Statements made by the government explicitly claim that the Royal Navy is growing, but are those claims accurate?
Many ministers, press releases, official statements and the like over the last year or two have been found to contain the phrase “a growing Royal Navy”. Former Defence Secretary Fallon was always especially keen to stress that the Royal Navy was growing.
According to the the UK Armed Forces Equipment and Formations document released by the Government detailing statistics on vessels, land equipment and aircraft of the armed forces. It states:
“At 1 April 2017 there were 73 vessels in the UK Armed Forces: 64 vessels in the Royal Navy and nine in the Royal Fleet Auxiliary (RFA). This is a reduction of three vessels since 2016 following the withdrawal of three RFA vessels: two Small Fleet Tankers and one Forward Repair Ship (RFA Diligence).“
It gets a little muddier though as Guto Bebb, Parliamentary Under-Secretary of State for Defence, recently responded to a written question in Parliament, outlining the fleet size.
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This would appear to show a sharp decrease in hulls since 2013 and in the period when claims of “a growing Royal Navy” were shouted from the rooftops however Bebb added that current planning will see the number of hulls in the fleet increase:
“On current planning assumptions the number of Royal Navy and Royal Fleet Auxiliary surface vessels in the next five years is:
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All this does however is highlight that the fleet size is only playing catch-up with where it was five years ago and even then, isn’t going to surpass the 2013 figure.
Mark Lancaster, Minister of State at the Ministry of Defence, said:
“For the first time in a generation, the Royal Navy is actually growing. It grew in manpower last year and will continue to grow over the next couple of years, and not just in manpower—the size of its surface fleet is also growing. The latest of the offshore patrol vessels arrived in Portsmouth only this weekend.”
According to the Defence Select Committee, the UK has a “woefully low” number of vessels. Chair of the committee Dr Julian Lewis advised earlier in the year that the Government risked leaving the country with fewer than 19 frigates and destroyers.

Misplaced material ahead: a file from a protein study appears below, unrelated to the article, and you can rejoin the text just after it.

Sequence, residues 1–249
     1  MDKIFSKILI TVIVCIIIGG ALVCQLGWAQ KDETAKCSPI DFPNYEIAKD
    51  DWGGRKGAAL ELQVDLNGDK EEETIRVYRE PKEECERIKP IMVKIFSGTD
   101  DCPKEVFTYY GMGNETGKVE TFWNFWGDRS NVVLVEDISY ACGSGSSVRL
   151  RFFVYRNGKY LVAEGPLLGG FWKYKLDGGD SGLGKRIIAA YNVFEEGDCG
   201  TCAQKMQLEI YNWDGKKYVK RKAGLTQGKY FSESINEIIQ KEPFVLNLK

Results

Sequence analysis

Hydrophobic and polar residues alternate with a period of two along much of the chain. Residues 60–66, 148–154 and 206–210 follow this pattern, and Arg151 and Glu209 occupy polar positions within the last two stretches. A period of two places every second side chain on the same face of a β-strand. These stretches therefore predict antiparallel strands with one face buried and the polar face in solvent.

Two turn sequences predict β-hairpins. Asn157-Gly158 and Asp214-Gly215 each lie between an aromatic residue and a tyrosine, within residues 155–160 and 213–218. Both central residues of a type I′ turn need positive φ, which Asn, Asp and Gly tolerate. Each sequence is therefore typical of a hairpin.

“The United Kingdom will then lack the maritime strength to deal with the threats we face right now, let alone in the future. We are putting the MoD on notice that it must not let this happen.”
Additionally, Sir John Parker the author of an independent report on the National Shipbuilding Strategy, has indicated that the frigate fleet will fall below 13 frigates unless the Type 31 Frigate build starts soon, something that appears unlikely for a project described by a minister as still in “early pre-concept phase” with no design having yet been chosen.
Julian Lewis asked during a Defence Select Committee session on the National Shipbuilding Strategy:
“So what you are saying—and this is a critical point—is that unless we start building the Type 31e frigates in parallel with the Type 26s, there is little chance of not reducing below our existing figure of 13 frigates all told. That, I must say, fits in with the projections I have seen and it follows from that, therefore, that we have to consider the best way of building two classes of frigates in parallel, rather than in succession.”
Sir John Parker responded with one word:
In conclusion, the Royal Navy technically is growing if you can only remember as far back as a couple of years ago but it should be noted that the numbers are playing catch up to where they were five years ago and aren’t going to exceed the 2013 fleet size.
The Royal Navy, overall, has shrunk in the last five years.